SYNOPSIS: ďBraveĒ follows the heroic journey of Merida, a skilled archer and headstrong daughter of King Fergus (voice of Billy Connolly) and Queen Elinor (voice of Emma Thompson). Determined to carve her own path in life, Merida defies an age-old custom sacred to the unruly and uproarious lords of the land: massive Lord MacGuffin (voice of Kevin McKidd), surly Lord Macintosh (voice of Craig Ferguson) and cantankerous Lord Dingwall (voice of Robbie Coltrane). Meridaís actions inadvertently unleash chaos and fury in the kingdom, and when she turns to an eccentric Witch (voice of Julie Walters) for help, she is granted an ill-fated wish. The ensuing peril forces Merida to harness all of her skills and resources Ė including her clever and mischievous triplet brothers Ė to undo a beastly curse before itís too late, discovering the meaning of true bravery.
Princess Merida: I want my freedom!
Queen Elinor: But are you willing to pay the price your freedom will cost?
Ah yes, a tale as old as time. Oops, sorry, thatís a lyric isnít it? Itís from some Disney movie, right? Well, anyhow, the typical rebellious child not wanting to conform to the parentsí wishes much less the established traditions of her people, is what we are dealing with here. But of course what takes this to a different level is the Pixar/Disney touch. Is it safe to say that anything Pixar touches turns to gold? Well, pretty darn close I would say, but not completely. Itís funny though because a comment I read regarding this movie was saying that it seemed as if people were forcing themselves to like this movie. I can really see that in this case. Itís the Midas touch that makes people default to liking anything Pixar makes even if it really isnít gold material. This movie was very enjoyable. Itís adventurous, beautiful, and cute to the point of almost having a constant smile on your face throughout. But when placed in the midst of the Pixar collection, this one is not exactly gold . . . silver perhaps. From a different angle however, the fact that it is a Pixar product is what keeps it at silver and not something worse. In simple terms, itís a good movie but not as good as other Pixar gems.
As you would expect, the animation in this film is top notch. Priscilla pointed out that there was incredible detail in the animation. She also mentioned how the wisps (youíll know what they are when you see the film) were very reminiscent of one of the ghosts in the Jim Carrey version of A Christmas Carol (which happens to also be a Disney product). I was blown away by Meridaís sharp orange red hair. I know it might sound weird but for me, her hair was the most beautiful aspect of the movie. I would go as far as to say that itís the best animated hair ever. Yeah, itís that good! Well, it does help that she is just adorable. I mentioned to Priscilla before the movie even started that I was worried about missing a lot of it due to not picking up the accent that I sometimes have trouble with. Not to worry, it was easy to follow as it should be for the sake of the younger movie goers. The story was easy to follow as well. It is a good solid simple story with a decent amount of mystery and intrigue. The real treat are the characters starting with Miss Gorgeous Orange Hair, I mean Merida (Kelly Macdonald). Her parents were also very entertaining played by Billy Connolly and Emma Thompson. Not bad, right? And then there are the three little brothers that just steal the screen whenever theyíre on. And yeah, same orange red hair for those little guys too. For an animated film, it does a good job capturing the early Scottish culture. It is also a good job by the directing team of Mark Andrews, Brenda Chapman, and Steve Purcell. Only Brenda has directed another major feature film, The Prince of Egypt, so not bad for this team. And yet another good job was done with the selection of the brief cartoon prelude to the film. It was pure magical goodness that will touch your imagination and your heart.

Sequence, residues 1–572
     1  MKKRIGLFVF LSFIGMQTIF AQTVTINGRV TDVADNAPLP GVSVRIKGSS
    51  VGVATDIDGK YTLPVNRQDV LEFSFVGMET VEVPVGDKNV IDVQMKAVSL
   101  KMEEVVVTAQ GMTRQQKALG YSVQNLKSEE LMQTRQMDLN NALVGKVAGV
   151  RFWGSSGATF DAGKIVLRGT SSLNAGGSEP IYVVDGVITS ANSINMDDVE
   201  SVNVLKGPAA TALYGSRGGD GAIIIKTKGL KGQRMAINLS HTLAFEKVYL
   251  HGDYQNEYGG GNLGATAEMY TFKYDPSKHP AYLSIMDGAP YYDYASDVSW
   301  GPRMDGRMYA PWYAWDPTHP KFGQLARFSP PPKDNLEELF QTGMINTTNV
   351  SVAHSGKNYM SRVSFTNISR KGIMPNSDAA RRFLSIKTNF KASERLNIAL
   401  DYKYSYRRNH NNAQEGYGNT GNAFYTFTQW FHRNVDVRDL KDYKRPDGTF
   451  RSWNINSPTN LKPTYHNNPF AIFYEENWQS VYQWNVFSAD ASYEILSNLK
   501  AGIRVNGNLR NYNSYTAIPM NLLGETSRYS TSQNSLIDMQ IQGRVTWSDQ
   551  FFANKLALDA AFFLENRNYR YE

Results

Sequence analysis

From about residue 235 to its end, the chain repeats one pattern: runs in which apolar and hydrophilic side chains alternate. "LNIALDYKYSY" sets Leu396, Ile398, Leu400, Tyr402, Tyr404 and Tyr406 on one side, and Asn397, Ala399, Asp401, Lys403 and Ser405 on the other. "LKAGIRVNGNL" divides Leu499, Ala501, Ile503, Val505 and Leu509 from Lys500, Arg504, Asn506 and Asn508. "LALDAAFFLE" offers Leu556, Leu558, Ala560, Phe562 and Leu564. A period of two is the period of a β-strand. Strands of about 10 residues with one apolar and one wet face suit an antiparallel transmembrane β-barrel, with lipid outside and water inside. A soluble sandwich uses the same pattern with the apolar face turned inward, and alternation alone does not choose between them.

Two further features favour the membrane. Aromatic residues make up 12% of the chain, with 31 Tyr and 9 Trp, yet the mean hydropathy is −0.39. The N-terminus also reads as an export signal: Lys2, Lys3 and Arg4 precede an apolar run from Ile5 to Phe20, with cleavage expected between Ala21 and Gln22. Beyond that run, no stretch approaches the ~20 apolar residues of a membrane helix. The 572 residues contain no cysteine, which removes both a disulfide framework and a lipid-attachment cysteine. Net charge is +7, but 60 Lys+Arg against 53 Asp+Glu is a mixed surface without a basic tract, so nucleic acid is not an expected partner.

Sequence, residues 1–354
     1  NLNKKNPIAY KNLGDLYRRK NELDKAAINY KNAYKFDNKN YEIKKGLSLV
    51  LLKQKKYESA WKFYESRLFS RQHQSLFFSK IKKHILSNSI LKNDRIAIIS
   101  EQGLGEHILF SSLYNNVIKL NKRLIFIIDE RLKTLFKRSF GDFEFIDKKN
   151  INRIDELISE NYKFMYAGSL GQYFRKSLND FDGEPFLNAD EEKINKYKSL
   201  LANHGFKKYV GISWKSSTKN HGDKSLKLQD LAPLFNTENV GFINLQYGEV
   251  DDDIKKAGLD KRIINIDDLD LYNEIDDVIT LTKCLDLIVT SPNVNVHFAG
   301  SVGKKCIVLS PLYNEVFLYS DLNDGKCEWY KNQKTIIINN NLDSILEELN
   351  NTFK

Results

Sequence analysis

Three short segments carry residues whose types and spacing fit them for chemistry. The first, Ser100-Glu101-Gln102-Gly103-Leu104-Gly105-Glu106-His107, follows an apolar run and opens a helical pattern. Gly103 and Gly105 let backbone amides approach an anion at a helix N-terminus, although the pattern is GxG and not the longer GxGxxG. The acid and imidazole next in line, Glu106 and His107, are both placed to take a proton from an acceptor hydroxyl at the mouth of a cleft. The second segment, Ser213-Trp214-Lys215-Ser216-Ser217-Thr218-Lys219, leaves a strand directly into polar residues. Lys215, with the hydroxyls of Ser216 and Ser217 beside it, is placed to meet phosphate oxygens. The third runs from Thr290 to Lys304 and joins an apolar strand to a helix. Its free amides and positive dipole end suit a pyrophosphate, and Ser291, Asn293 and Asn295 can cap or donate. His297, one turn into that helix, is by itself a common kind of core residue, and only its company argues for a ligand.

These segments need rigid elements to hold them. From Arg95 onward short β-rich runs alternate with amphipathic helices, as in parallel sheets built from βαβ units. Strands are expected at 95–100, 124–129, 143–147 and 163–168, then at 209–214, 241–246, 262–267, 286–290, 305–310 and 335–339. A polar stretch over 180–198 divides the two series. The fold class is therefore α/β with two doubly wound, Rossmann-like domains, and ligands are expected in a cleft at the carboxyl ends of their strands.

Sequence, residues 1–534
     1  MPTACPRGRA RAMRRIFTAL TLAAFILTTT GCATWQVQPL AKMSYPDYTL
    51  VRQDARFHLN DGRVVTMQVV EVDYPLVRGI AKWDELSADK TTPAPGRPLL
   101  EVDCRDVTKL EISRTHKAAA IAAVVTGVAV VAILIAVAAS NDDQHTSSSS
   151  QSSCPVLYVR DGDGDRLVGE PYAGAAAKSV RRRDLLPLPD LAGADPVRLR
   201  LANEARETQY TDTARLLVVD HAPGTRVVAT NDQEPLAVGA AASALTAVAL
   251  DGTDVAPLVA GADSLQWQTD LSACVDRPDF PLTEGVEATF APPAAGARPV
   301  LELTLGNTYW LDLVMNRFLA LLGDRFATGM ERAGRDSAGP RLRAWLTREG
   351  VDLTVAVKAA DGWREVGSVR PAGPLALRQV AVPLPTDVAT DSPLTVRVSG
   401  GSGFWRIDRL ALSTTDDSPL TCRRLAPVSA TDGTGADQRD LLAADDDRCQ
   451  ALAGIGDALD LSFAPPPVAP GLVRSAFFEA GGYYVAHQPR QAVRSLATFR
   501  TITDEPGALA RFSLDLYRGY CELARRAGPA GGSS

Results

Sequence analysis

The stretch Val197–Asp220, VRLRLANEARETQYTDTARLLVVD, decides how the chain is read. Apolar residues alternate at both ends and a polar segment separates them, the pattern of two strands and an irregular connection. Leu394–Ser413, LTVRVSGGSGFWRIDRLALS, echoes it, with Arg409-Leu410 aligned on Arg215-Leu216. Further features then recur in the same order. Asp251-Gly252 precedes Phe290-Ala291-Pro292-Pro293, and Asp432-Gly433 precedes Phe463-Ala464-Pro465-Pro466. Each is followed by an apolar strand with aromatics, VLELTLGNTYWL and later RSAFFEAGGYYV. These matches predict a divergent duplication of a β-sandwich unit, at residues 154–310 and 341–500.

By Cine Marcos
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